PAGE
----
The Wildman of China

A costume of the Yeren featured in the movie Big Trouble in Little China. (Image source credit here.)

A costume of the Yeren featured in the movie Big Trouble in Little China. (Image source/credit here.)

Accounts of Bigfoot-like creatures in China date back nearly 3,000 years. One of the best-known of these creatures in modern times is the yeren, or “Wildman”, in the central province of Hubei. The earliest report of a Wildman appears in a local chronicle of Hubei’s Fang County in the 17th century, where the author claimed that a large number of them could be found on Mt. Fang. There were hundreds of sightings of Wildmen in the 20th century, and people still report seeing them today.

The typical Wildman is described as being about 6 between 8 feet tall, and covered in long red hair, although Wildmen with black or white hair have also been reported. They stand upright like humans and have long, powerful limbs. They communicate by grunting, but are also capable of laughing and crying. There are records of encounters with male, female, and children Wildmen.

While the Wildman had long been known by peasants, scientists only began to take an interest in the creature’s existence in the latter half of the 20th century. In 1940, while traveling on a bus through the province of Gansu, a biologist named Wang Zelin found a group of “Wildman hunters” who had shot and killed a female Wildman and planned to take it to the county government. Wang described the corpse as being about 2 meters (6.5 feet) and covered in thick grayish-brown hair. The locals had said this Wildman had been living in the area the past month.

Drawing of a Yeren. (Picture source credit here.)

Drawing of a Yeren. (Picture source/credit here.)

In the early 1950s, a geologist named Fan Jingquan claimed to have seen two Wildmen in the province of Shanxi. Over a period of three days, Fan and a local guide twice observed a mother and baby Wildman in a forest outside of Baoji City. While the mother was cautious, the child was more than happy to interact with the two men, and it even took chestnuts from them. Fan’s guide told him that the Wildmen lived in a near-by cave, and often came to the forest during the autumn and winter seasons to pick chestnuts.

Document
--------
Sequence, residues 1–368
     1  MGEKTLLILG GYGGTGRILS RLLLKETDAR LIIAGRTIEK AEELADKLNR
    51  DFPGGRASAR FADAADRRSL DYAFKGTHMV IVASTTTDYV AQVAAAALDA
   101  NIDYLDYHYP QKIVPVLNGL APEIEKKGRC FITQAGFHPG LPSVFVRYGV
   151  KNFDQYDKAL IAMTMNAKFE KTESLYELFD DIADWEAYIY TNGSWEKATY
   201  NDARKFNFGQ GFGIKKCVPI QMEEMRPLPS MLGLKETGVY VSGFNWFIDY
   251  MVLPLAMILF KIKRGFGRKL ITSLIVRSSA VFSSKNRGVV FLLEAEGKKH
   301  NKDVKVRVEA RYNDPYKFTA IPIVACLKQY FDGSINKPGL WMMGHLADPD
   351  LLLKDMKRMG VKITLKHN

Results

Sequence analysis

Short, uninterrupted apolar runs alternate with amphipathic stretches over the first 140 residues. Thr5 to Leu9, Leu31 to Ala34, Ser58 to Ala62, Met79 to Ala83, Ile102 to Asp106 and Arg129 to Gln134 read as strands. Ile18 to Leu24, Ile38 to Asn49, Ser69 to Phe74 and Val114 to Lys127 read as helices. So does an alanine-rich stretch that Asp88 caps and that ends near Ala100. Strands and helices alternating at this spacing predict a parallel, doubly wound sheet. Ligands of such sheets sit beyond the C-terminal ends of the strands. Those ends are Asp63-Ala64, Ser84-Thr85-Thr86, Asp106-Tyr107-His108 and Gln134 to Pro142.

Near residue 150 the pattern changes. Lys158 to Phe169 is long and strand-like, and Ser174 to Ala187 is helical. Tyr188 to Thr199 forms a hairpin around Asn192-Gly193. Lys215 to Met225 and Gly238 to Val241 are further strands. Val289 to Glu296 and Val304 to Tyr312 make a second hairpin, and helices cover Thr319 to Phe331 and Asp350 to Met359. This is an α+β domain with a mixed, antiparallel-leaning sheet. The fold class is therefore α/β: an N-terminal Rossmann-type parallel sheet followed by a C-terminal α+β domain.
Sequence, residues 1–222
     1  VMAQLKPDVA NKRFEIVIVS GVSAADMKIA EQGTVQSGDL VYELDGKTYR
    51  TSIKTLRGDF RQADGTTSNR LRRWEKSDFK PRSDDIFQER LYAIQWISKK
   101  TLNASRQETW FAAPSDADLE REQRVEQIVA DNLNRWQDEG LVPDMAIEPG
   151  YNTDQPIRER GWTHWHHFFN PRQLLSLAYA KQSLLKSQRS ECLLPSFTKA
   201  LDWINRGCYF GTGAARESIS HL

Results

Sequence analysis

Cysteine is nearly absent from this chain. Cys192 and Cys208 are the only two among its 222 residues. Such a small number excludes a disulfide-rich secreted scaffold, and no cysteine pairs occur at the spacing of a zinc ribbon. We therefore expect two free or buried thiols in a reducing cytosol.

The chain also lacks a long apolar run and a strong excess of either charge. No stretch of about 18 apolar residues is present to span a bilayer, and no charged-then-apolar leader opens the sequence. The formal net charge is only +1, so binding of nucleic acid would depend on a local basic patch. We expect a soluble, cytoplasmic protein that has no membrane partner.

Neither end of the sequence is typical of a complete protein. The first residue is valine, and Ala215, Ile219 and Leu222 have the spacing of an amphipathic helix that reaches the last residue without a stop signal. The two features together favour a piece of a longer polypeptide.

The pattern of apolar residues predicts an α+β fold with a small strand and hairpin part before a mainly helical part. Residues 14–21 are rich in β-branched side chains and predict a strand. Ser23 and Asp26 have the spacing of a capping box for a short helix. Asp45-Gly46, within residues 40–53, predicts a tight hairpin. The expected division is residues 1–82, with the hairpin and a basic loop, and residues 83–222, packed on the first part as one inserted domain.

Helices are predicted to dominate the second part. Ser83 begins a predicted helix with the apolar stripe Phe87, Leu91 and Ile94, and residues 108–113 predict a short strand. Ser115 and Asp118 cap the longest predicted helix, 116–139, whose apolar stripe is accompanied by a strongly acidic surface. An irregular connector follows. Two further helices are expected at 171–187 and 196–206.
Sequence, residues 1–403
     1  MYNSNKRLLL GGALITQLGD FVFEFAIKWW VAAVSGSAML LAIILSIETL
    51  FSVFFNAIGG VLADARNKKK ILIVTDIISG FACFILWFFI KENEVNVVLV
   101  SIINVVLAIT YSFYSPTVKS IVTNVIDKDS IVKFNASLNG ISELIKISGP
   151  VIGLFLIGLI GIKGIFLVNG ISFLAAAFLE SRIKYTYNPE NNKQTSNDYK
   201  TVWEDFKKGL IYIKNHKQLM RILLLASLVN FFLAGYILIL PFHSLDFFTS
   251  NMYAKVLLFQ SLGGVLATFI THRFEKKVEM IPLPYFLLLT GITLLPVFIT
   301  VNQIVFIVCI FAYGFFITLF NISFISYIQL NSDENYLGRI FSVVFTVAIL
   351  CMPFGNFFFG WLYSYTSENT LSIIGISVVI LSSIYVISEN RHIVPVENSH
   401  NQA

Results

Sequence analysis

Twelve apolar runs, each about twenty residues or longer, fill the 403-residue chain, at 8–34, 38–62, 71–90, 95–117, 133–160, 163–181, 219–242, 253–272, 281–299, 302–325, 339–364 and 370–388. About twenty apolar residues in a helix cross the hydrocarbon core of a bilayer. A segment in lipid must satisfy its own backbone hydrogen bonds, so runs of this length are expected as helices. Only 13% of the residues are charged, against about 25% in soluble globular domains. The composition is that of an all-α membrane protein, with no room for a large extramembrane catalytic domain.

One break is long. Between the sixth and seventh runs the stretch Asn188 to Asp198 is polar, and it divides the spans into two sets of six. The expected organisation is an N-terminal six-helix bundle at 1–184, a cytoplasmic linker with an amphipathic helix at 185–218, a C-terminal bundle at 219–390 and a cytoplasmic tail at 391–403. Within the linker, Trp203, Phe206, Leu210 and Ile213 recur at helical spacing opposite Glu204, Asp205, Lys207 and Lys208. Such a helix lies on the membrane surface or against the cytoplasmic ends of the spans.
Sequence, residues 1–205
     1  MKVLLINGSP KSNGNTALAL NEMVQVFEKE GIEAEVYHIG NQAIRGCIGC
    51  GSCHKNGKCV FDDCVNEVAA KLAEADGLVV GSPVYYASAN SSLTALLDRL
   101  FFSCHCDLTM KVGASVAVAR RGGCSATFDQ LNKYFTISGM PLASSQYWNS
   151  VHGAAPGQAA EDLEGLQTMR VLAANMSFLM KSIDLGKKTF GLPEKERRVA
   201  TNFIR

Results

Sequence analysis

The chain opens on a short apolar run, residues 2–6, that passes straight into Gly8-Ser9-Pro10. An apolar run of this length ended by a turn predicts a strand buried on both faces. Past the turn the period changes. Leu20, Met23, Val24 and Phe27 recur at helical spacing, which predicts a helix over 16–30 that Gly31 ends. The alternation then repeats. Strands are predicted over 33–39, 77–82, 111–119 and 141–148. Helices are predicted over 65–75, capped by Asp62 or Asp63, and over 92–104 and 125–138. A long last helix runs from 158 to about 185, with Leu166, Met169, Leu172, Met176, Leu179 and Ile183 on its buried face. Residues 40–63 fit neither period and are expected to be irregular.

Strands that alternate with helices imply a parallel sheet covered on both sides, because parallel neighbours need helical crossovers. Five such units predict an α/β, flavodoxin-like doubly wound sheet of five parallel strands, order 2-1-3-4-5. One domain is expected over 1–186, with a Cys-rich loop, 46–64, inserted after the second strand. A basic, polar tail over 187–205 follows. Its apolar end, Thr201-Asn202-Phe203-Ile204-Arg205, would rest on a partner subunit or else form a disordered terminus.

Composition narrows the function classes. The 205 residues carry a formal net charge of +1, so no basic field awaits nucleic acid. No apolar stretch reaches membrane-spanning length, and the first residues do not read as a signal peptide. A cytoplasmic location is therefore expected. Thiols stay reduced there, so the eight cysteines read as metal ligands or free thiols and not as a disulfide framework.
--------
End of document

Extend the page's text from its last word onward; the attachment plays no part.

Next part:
The first serious effort by scientists to investigate the Wildman occurred in Yunnan province in 1961, after a group of construction workers claimed to have found and shot one. China’s official Academy of Sciences could find nothing to corroborate the workers’ claims, and although there were more investigations over the next dozen years, nobody paid much attention again until a series of Wildman sightings in Hubei in 1976.

On May 14th of that year, six government officials were driving through the border area between Fang County and Shennongjia when they noticed an ape-like creature about 5 feet tall standing on the road. After almost running the creature over, five of the men got out of the car to take a better look at it. The creature did nothing but stare, and it walked back into the forest after one of the men threw a stone at its hip.

A hair sample allegedly from a Yeren. (Image source credit here.)

A hair sample allegedly from a Yeren. (Image source/credit here.)

Several weeks later, a peasant woman and her four-year-old son were walking up a mountain ridge when they saw a Wildman rubbing its back against a tree. Once the creature realized the woman was watching it, it took off chasing her. The woman ran for more than a mile before she looked back and saw that the creature was no longer on her trail. When the Chinese Academy of Sciences investigated the encounter a month later, they found primate-like hair in two different spots on the alleged tree where the creature was rubbing its back.